The island of Agistri has a look of its own and is a perfect spot for those seeking a deserted, sandy beach and a quiet, relaxing atmosphere.
In the Saronic Gulf, just off the Grecian coast, lies the island oasis of Agistri. Explore exotic beaches with crystal-clear waters, like Dragonera, Aponisos and Mareza. Tour traditional settlements, like Limenaria. Or relax for a spell at one of the island’s scenic ouzo bars, which serve fresh fish right on the water. Here the pines stretch all the way to the sea and the breeze envelops you with aromas of the island’s fresh thyme and oregano plants. A year-round favourite for those who love camping, cycling and hiking, the 14 square-kilometre island is the ideal destination for your next holiday or even a weekend getaway. It is a mere two-hour ferry ride from the port of Piraeus and only 55 minutes by Flying Dolphin.
The island’s bustling port, Skala, has many hotels, taverns, cafés and clubs, as well as an organised beach, perfect for relaxing under the hot Mediterranean sun. Nearby, the blue dome of the church of Agioi Anargyroi accents the beauty of the sea and sky. Not far from the city, you’ll find the traditional settlements of Skliri and Metochi, which offer incredible views of the island and its surroundings.
The island’s capital Megalochori, or Mylos, is filled with dazzling white houses, flowery backyards and scenic alleyways that converge at the church of Zoodochos Pigi. Nearby, you’ll find the island’s most scenic settlement: Limenaria, home to hundreds of traditional stone houses, the lovely church of Agia Kyriaki, an old café-tavern and bakeries that fill the air with the aroma of freshly baked bread.
Enjoy the sun and the exotic waters of Agistri, the perfect place to relax and rejuvenate away from the city’s hustle and bustle.
Agistri At a glance:
The history of the island dates back centuries, when Agistri together with Aegina and the nearby islands established the Kingdom of Aegina, ruled by the mythical King Aiakos. The island has been inhabited since the 5th century BC by Peloponnese residents. According to Homer, it was the haven of the brave Myrmidons and also fought in the War of Troy. Known as Pityonisos, or the Pine Island, Agistri was also the summer residence of Aiakos.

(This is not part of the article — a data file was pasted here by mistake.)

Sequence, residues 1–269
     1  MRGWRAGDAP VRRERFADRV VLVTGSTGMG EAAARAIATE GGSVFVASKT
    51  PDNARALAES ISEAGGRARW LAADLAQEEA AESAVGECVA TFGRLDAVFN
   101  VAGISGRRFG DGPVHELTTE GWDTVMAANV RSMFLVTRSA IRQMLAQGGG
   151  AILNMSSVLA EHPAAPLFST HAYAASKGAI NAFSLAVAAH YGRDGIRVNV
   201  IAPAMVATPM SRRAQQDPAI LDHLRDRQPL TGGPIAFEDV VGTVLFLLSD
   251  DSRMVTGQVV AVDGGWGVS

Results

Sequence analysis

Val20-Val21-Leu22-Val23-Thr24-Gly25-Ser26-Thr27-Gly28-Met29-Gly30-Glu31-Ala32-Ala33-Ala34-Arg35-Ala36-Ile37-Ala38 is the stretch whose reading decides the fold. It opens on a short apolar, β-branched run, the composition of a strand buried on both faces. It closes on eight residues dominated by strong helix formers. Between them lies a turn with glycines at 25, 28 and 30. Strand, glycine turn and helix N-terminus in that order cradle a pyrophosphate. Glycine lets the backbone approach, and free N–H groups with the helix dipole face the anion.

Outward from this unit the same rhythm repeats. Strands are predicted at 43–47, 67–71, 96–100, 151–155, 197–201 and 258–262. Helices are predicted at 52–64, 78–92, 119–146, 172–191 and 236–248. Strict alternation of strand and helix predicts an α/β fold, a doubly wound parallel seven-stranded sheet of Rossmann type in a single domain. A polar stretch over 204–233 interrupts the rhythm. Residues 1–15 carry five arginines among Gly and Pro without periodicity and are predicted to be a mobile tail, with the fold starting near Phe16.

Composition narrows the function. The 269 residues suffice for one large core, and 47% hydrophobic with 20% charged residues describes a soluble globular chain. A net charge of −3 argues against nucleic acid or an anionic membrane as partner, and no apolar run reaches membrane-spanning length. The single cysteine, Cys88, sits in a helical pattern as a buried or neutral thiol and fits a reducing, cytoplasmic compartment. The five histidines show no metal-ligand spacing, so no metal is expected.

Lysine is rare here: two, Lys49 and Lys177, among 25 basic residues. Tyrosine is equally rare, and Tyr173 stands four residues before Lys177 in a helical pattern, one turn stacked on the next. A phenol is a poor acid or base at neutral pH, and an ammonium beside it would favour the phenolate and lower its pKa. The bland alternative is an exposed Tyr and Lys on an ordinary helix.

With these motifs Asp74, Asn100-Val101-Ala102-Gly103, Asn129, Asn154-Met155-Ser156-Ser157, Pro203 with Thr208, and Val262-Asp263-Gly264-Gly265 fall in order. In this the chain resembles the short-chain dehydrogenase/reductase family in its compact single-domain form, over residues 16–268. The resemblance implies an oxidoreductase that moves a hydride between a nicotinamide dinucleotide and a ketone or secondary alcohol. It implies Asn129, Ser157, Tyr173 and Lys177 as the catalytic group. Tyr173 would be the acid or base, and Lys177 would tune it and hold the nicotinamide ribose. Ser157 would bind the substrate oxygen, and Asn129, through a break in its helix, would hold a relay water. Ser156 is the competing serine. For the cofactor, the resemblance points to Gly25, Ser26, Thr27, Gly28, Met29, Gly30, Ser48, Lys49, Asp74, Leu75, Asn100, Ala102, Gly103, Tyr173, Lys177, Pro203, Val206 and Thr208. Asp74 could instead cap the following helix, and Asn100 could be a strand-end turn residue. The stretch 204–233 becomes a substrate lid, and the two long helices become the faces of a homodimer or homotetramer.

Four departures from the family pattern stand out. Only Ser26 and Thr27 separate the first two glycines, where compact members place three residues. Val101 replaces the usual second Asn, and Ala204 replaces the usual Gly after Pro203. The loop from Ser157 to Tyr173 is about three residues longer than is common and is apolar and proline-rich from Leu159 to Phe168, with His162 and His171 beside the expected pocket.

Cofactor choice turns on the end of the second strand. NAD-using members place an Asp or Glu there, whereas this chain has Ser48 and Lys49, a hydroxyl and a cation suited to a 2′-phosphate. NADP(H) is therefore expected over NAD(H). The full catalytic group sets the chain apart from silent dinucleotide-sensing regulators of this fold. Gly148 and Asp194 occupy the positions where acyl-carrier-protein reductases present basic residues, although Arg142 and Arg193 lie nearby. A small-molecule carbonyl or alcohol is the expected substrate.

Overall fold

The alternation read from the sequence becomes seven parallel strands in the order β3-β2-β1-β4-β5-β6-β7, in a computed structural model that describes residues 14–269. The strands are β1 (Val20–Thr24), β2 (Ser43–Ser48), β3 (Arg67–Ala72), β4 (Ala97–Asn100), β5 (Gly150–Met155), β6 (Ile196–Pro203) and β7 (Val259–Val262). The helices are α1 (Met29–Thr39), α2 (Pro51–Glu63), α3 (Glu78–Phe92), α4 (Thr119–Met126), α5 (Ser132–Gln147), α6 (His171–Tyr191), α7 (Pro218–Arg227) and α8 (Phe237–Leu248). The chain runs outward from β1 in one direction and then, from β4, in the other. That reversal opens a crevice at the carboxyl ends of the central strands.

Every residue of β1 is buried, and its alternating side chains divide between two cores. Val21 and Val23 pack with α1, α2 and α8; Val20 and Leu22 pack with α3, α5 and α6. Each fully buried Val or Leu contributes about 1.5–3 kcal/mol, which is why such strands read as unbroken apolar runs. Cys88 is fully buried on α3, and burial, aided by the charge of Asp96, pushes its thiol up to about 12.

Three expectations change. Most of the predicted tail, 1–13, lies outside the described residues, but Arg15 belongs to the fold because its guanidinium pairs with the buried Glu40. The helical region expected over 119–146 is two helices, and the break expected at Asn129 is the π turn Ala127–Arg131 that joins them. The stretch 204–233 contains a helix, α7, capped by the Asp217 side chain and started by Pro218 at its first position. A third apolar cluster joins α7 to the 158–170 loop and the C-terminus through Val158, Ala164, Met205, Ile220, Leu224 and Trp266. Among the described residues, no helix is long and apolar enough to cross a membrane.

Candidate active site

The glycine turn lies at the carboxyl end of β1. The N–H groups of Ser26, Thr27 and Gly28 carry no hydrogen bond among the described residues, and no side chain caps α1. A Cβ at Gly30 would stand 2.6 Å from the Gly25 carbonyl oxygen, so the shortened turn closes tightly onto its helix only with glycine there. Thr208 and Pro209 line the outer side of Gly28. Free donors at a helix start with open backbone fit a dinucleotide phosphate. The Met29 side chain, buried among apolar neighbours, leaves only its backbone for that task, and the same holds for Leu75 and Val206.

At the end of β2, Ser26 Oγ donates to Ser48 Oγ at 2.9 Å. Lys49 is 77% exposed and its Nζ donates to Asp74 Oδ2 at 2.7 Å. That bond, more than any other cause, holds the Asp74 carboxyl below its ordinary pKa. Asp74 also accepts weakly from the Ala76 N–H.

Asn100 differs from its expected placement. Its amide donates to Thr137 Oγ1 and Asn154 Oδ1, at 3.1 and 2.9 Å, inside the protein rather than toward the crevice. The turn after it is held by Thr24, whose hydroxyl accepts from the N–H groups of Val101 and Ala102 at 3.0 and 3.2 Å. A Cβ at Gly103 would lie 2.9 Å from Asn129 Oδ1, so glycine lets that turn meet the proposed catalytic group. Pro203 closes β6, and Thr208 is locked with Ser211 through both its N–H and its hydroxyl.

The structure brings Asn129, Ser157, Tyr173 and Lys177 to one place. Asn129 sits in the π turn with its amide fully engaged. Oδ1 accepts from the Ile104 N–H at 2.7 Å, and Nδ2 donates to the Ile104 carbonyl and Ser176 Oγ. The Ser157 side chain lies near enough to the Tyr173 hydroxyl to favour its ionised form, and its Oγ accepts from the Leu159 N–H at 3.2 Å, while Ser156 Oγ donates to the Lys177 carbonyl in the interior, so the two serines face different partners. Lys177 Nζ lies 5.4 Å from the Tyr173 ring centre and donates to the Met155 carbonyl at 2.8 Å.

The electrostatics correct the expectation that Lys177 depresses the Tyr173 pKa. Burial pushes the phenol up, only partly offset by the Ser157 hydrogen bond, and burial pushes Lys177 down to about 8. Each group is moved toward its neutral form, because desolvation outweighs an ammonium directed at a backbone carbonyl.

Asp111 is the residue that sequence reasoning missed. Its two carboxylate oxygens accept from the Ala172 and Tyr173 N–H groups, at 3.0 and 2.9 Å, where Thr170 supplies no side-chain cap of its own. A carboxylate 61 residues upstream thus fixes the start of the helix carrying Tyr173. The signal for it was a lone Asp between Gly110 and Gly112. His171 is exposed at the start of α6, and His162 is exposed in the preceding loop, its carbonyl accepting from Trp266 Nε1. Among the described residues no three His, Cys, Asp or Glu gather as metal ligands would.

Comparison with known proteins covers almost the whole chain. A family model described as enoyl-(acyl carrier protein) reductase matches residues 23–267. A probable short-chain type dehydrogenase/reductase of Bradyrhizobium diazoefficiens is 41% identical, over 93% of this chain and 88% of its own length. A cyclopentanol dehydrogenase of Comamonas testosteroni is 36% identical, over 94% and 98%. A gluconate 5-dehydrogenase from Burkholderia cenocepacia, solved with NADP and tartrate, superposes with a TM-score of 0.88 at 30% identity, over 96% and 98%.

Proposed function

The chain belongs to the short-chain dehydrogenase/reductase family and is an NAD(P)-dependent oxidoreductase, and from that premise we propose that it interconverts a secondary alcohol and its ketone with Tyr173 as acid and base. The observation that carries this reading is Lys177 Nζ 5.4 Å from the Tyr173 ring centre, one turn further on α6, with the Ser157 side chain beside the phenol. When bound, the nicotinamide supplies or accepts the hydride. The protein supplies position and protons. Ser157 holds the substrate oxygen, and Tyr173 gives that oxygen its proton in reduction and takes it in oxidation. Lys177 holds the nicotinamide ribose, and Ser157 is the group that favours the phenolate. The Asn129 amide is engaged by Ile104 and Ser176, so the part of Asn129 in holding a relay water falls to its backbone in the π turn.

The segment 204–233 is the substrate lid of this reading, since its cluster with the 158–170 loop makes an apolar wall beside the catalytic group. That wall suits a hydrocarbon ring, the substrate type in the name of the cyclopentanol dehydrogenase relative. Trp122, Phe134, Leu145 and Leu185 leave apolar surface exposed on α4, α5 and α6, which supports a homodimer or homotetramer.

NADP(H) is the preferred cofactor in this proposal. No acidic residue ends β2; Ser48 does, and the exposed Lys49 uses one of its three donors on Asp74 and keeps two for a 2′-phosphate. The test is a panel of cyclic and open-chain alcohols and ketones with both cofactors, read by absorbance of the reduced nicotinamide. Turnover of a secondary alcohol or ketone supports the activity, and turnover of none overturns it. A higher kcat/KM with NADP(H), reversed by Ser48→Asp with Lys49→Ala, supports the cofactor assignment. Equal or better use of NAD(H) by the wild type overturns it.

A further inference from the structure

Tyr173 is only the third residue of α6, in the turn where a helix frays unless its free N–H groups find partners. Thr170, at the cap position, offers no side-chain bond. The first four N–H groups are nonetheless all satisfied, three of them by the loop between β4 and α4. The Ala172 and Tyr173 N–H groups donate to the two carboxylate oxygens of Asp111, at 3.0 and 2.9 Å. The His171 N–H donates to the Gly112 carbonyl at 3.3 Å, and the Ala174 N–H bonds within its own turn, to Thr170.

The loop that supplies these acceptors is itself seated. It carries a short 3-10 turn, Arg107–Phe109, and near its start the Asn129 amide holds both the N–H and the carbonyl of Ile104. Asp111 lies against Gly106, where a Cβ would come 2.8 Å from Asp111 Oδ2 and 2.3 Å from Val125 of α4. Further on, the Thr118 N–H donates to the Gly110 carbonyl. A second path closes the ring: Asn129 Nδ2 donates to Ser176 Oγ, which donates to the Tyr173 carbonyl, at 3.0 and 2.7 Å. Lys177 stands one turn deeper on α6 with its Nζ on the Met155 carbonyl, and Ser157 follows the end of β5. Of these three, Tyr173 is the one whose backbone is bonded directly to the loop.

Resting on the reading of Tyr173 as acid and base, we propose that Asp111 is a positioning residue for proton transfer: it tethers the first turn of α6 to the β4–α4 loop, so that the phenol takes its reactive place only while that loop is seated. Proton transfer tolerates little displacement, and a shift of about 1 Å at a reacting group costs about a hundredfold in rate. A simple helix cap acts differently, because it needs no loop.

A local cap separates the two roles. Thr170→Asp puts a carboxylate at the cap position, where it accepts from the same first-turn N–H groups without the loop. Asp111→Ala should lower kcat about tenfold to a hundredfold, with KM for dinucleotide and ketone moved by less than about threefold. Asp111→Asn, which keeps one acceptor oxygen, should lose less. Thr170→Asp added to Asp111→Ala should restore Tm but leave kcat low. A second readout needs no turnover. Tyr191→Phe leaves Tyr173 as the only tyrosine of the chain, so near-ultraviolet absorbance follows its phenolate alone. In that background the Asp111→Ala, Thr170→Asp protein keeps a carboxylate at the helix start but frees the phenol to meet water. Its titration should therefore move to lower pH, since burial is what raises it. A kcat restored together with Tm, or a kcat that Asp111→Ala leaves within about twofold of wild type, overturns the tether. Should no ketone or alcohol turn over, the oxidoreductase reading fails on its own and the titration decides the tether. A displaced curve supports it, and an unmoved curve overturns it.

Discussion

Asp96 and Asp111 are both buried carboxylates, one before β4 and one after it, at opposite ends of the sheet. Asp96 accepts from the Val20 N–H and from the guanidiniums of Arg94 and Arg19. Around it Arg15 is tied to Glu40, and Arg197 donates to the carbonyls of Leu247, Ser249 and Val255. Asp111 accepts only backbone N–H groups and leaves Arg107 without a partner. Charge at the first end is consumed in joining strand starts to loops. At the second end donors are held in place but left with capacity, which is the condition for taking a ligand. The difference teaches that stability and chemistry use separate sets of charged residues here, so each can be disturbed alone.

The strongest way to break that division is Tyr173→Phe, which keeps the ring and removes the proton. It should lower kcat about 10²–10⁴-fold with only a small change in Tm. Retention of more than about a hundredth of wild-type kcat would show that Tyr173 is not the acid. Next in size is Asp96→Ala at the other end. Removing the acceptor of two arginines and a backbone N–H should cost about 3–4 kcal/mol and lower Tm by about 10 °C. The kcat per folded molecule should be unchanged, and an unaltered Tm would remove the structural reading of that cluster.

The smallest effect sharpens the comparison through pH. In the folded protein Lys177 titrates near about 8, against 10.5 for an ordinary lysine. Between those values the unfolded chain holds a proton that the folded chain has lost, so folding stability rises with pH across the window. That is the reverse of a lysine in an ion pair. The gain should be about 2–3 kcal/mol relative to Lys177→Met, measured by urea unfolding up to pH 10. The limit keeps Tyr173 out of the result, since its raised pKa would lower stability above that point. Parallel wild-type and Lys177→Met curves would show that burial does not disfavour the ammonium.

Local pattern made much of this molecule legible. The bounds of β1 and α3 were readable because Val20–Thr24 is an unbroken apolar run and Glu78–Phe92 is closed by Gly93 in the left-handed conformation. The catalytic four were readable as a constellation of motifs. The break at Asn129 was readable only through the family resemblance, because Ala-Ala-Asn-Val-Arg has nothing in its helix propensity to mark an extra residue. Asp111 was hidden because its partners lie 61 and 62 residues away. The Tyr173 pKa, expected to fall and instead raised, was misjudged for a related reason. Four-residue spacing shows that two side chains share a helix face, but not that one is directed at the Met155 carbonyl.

According to Greek mythology, the goddess Aphaia hid in the local sea caves to escape from the Aeginian fishermen. The goddess Artemis, who wanted to help Aphaia, gave her flowers to decorate her head, so she wouldn’t be recognised. This is how the island got the nickname Kekryfaleia, which means 'beautifully decorated head'.
At the end of the 17th century, Agistri was inhabited by Arvanites who settled on the shores of the island’s lake. After devastating pirate raids, the settlers deserted the area, moving further to the south and founding the village of Limenaria.
During the Greek War of Independence, Agistri fought fiercely for freedom. But the island’s true independence did not arrive until 1835, when it was declared by Royal Decree a Community with 248 official permanent residents.
Sightseeing and activities
• The Folklore Museum, which is housed in the Cultural Centre of Agistri in the village of Megalochori
• The Byzantine chapel of Agios Nikolaos on the way to Aponisos
• Limenaria, a gorgeous traditional settlement
• The village of Megalochori
• The settlements of Metochi and Skliri
• The island’s idyllic lake
• A tour around the island in a traditional wooden boat
• The sunset in Aponisos
• A day cruise to Aegina (a 10-minute boat ride)
• A cruise to the nearby islets of Metopi, Moni, Kyra, Spalathronisi and Dorousa
• A ride on the tourist train around the island’s beaches
• A visit to the island’s churches: the Zoodochos Pigi Cathedral in Megalochori, Agioi Anargyroi in Skala, Agia Kyriaki in Limenaria, Panagia in Metochi, and Agioi Pantes and Agioi Theodoroi outside of Megalochori